Billionaire Dan Loeb is a prominent activist investor that managed around $18 billion in assets via his hedge fund Third Point (stock picks, investor letters), including an equity portfolio valued at some $11.09 billion as of the end of 2014. Third Point has had a relatively slow year as its Offshore and Ultra funds gained 5.7% and 6.8% during 2014. In an uncertain economic environment impacted by weakening currencies, slumping oil prices, and slow economic growth across regions, Mr. Loeb prefers to invest in companies that can provide a consistent growth and solid cash flow. Among 10 largest holdings from Third Point’s equity portfolio (which amass 64% of the total portfolio value), several companies represent long-term positions, held by the fund for at least one year. Among these companies are Dow Chemical Co (NYSE:DOW), Actavis plc (NYSE:ACT), Sothebys (NYSE:BID).
Generally speaking, the majority of investors are focused on a long-term horizon, that’s why they are not worried about the volatility of stocks and short-term fluctuations. This is actually a good strategy, which was also outlined by Warren Buffett in his last letter to Berkshire Hathaway’s shareholders. “For the great majority of investors, however, who can – and should – invest with a multi-decade horizon, quotational declines are unimportant. Their focus should remain fixed on attaining significant gains in purchasing power over their investing lifetime,” Mr. Buffett said. However, Mr. Loeb, who manages money on behalf of other investors cannot focus on a multi-decade horizon and have to take advantages that appear on the market from time to time. Overall, the investor considers that the current environment is favorable for activism and Third Point will reshuffle its portfolio during the current year.
Nevertheless, despite Mr. Loeb’s plans to reload Third Point’s portfolio, many positions from the fund’s latest 13F are oriented towards long-term growth. The majority of these companies are large and mega-cap stocks, which, even though can provide value in the long-term from a significantly large initial investment, may not satisfy smaller investors. In fact, the same story applies not only to Third Point but to most investors in general. As our research indicates, 50 most popular picks among hedge funds (generally mega-cap companies) underperformed the market by 7.0 basis points per month between 1999 and 2012. On the other hand, our strategy, focused on small cap picks of over 700 funds that we track, returned almost 130% between August 2012, and March 2015, versus S&P 500 ETF gains of 52.9% during the same period. Nevertheless, let’s see the companies in which Mr. Loeb is invested with a long-term horizon.
At the end of 2014, Dow Chemical Co (NYSE:DOW) represented the third-largest holding in terms of value. Third Point holds 22.0 million shares of the company valued at slightly above $1.0 billion. The fund initiated a position with 7.73 million shares during the fourth quarter of 2013 and during the second quarter increased the stake to 22.0 million shares. Dow Chemical Co (NYSE:DOW)’s stock inched up only by 3% during 2014, and Mr. Loeb went activist on the company in January. After disclosing a 1.9% stake in the company, Mr. Loeb pushed for a split of the company, but instead Dow Chemical Co (NYSE:DOW) agreed to separate up to $8.5 billion worth of business and repurchase $5.0 billion worth of stock. Moreover, in November, Dow and Third Point reached an agreement in order to avoid a proxy fight. Under the terms of the agreement, the company agreed to appoint two Third Point’s nominees to the board of directors. In exchange, Third Point agreed to take down the website it created to promote its campaign for changes at Dow Chemical Co (NYSE:DOW) and not to criticisize the company for a year.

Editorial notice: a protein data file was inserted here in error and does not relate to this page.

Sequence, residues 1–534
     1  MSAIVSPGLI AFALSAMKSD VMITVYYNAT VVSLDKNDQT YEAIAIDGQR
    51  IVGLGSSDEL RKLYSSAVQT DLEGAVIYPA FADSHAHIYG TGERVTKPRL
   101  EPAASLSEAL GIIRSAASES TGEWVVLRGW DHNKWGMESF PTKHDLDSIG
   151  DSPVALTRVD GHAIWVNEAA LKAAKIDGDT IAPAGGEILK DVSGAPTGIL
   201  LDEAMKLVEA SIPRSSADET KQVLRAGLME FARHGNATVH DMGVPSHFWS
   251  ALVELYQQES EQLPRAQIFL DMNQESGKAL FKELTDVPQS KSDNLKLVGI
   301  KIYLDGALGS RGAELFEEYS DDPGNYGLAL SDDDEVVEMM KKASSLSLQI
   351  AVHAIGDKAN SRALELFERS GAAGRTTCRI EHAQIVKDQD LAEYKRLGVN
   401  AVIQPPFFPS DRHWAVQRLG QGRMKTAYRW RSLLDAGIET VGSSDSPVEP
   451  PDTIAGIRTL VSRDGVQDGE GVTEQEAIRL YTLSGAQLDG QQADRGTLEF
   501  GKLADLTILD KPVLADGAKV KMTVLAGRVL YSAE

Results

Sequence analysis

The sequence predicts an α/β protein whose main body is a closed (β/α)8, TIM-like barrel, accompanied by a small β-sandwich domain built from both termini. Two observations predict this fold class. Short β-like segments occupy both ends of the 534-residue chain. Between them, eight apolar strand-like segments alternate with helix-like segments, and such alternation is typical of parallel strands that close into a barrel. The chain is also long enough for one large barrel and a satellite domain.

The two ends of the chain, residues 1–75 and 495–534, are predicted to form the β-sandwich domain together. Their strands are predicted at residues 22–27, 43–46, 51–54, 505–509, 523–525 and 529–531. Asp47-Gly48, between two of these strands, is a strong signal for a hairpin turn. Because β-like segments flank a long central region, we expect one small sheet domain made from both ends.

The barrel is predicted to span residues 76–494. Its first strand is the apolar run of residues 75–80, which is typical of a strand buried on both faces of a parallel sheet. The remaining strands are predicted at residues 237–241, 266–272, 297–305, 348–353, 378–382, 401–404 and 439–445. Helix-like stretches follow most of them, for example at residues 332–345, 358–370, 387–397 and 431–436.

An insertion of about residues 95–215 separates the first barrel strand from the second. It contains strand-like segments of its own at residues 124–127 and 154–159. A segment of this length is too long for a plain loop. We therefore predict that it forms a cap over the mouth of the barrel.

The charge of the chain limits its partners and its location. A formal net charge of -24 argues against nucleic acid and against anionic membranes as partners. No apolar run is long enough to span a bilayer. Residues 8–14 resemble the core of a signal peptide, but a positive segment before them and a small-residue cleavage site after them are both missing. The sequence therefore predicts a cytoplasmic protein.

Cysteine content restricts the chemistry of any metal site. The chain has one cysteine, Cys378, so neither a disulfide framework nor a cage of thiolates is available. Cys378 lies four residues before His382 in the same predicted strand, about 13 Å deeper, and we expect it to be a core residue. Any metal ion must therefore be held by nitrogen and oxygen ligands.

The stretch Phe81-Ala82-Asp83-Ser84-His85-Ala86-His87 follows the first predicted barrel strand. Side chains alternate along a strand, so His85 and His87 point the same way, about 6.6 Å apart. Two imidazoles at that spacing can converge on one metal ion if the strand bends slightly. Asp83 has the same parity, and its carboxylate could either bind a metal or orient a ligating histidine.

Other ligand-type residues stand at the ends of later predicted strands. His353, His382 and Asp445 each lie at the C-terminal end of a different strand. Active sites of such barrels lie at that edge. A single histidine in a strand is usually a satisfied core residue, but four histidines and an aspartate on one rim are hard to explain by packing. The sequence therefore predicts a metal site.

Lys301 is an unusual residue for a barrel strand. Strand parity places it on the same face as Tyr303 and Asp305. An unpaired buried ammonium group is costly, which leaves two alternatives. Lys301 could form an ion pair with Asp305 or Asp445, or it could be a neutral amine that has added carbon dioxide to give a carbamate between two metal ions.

Dow Chemical was one of the favorite basic industries stocks among billionaires, with nine high-worth investors reporting long positions in the company. George Soros and David E. Shaw are two other prominent investors in Dow Chemical Co (NYSE:DOW), holding 5.18 million shares and 11.26 million shares respectively. Moreover, both Soros and Shaw surged their exposure to the company by 78% and 86% on the quarter respectively.
Actavis plc (NYSE:ACT) is next on the list with Third Point holding 3.45 million shares, up by 20% on the quarter, the value of the stake amounting to $888.06 million. The investor initiated a stake in Actavis plc (NYSE:ACT) during the first quarter of 2014, initially holding 2.50 million shares. Meanwhile, the stock of the pharmaceutical company gained over 50% during 2014, amid several major developments, the most important of which being the acquisition of Allergan, Inc. (NYSE:AGN) for $66 billion. Actavis was one of the most popular healthcare stocks among hedge funds that we track. The largest shareholder of Actavis plc (NYSE:ACT) is Andreas Halvorsen’s Viking Global that owns 4.59 million shares of the company as of the end of 2014.
Next in line is Sothebys (NYSE:BID), one of the most longevive positions in Third Point’s equity portfolio, which contains 6.65 million shares, valued at $287.18 million. Third Point first disclosed a stake with 500,000 shares during the first quarter of 2013. Sotheby’s represents another successful activist campaign launched by Mr. Loeb. After a long proxy fight that costed the company around $20 million, Sothebys (NYSE:BID) first agree to appoint three Third Point’s nominees to its board of directors and in November CEO William F. Ruprecht finally agreed to step down amid pressure from the investor. The stock of the auction house appreciated slightly by around 3% since Mr. Ruprecht’s decision to step down, although it is still down by 15% over the last 52 weeks. Another shareholder of Sothebys (NYSE:BID) is activist Richard Mcguire‘s Marcato Capital Management, which owns 5.07 million shares as of the end of last year.